Posted: Thursday, August 17, 2017. 1:21 pm CST./>
By BBN Staff: Aimee Flores, a Belizean student completing her Ph.D in Cellular and Molecular Biology at UCLA in Los Angeles, California was the lead researcher of a group from the university that discovered a new way to activate the stem cells in hair follicles to make hair grow, which may lead to new drugs that could promote hair growth for people suffering from baldness or a condition known as alopecia, which causes hair loss.
The groundbreaking new research, which was published in the journal Nature Cell Biology, will serve as Flores’ dissertation thesis for her doctoral program. She was the study’s first author, and as lead researcher carried out the bulk of the experiments for the research. Flores carried out her research under senior scientists Heather Christofk and William Lowry, both of the Eli and Edythe Broad Center of Regenerative Medicine and Stem Cell Research at UCLA.
“Through this study, we gained a lot of interesting insight into new ways to activate stem cells,” Flores said. “The idea of using drugs to stimulate hair growth through hair follicle stem cells is very promising given how many millions of people, both men and women, deal with hair loss. I think we’ve only just begun to understand the critical role metabolism plays in hair growth and stem cells in general; I’m looking forward to the potential application of these new findings for hair loss and beyond.”
Hair follicle stem cells are long-lived cells in the hair follicle; they are present in the skin and produce hair throughout a person’s lifetime. They are “quiescent,” meaning they are normally inactive, but they quickly activate during a new hair cycle, which is when new hair growth occurs. The quiescence of hair follicle stem cells is regulated by many factors. In certain cases they fail to activate, which is what causes hair loss.
The team identified two drugs that, when applied to the skin of mice, influenced hair follicle stem cells to activate to promote hair growth. The first drug, called RCGD423, activates a cellular signaling pathway, which increases lactate production. This in turn drives hair follicle stem cell activation and quicker hair growth. The other drug, called UK5099, alters cellular metabolism by forcing the increased production of lactate in the hair follicle stem cells to accelerate hair growth.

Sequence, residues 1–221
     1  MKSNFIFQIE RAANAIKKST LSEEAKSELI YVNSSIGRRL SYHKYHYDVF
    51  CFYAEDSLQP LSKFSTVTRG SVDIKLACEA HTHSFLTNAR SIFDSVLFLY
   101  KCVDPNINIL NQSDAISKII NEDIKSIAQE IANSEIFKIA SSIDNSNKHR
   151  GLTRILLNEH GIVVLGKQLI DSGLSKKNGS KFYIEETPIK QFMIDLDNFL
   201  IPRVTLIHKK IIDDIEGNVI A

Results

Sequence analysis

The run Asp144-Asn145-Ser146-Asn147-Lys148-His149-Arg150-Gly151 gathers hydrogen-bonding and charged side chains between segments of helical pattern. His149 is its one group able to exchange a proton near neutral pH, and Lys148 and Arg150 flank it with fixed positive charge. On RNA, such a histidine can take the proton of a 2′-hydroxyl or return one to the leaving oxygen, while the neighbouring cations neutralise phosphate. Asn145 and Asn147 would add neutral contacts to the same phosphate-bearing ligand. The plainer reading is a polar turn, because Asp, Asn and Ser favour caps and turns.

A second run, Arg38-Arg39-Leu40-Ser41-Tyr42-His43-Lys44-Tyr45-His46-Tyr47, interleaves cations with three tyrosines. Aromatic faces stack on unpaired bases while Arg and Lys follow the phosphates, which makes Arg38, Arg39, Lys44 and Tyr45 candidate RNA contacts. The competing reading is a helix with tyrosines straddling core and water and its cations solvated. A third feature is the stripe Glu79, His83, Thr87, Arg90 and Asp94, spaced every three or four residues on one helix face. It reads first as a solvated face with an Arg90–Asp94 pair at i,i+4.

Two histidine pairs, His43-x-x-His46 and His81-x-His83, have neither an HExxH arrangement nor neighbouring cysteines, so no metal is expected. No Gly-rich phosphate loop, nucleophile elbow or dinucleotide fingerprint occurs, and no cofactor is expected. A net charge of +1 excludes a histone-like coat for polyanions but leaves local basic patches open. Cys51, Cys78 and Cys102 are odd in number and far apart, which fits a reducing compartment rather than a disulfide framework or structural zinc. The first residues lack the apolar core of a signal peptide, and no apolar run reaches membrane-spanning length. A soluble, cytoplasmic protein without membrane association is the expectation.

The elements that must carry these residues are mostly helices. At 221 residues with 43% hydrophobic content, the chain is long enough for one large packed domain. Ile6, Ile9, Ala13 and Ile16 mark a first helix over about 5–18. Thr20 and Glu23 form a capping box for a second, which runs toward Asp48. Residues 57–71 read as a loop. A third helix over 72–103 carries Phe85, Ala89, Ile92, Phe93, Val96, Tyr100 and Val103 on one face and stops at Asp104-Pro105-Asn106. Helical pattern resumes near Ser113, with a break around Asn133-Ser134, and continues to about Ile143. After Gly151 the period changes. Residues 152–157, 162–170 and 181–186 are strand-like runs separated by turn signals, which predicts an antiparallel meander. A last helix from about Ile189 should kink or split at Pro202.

The research was supported by the California Institute for Regenerative Medicine training grant, a New Idea Award from the Leukemia Lymphoma Society, the National Cancer Institute, the National Institute of General Medical Sciences, the National Institutes of Health, an American Cancer Society Research Scholar Grant, the National Institute of Arthritis and Musculoskeletal and Skin Diseases, a Rose Hills Foundation Research Award and the Gaba Fund; the Rose Hills award and the Gaba Fund are administered through the UCLA Broad Stem Cell Research Center.
Flores began her research for the Ph.D program at UCLA in 2013. Prior to that she had been researching limb regeneration at USC. Flores, in an interview with BBN, said she expects to wrap up her doctorate by the end of the year and said she plans to continue her stem cell and cancer research. She is currently studying the metabolism of squamous cell carcinoma (a major form of skin cancer) and methods for treating it. According to Flores, the hair regeneration study is just one of several ongoing projects she is working on.
“My primary goal is to study stem cells as it relates to cancer,” Flores told BBN, adding that though her current research is on skin cancer, her findings have implications for many different types of cancers. Her end goal is to contribute in some meaningful way to enhancing cancer therapy. And while Flores says she hopes she is able to return home and carry out her research at some point, Belize currently doesn’t have the infrastructure and facilities to accommodate the level of research Flores is able to conduct at UCLA. Following the completion of her doctoral program, Flores will continue her stem cell and cancer research at UCLA.
Flores also gave special thanks to her family, who she says always supported her and enabled her to focus on her studies and her research. BBN congratulates Flores on her historic achievement and wishes her the best in her future endeavors.
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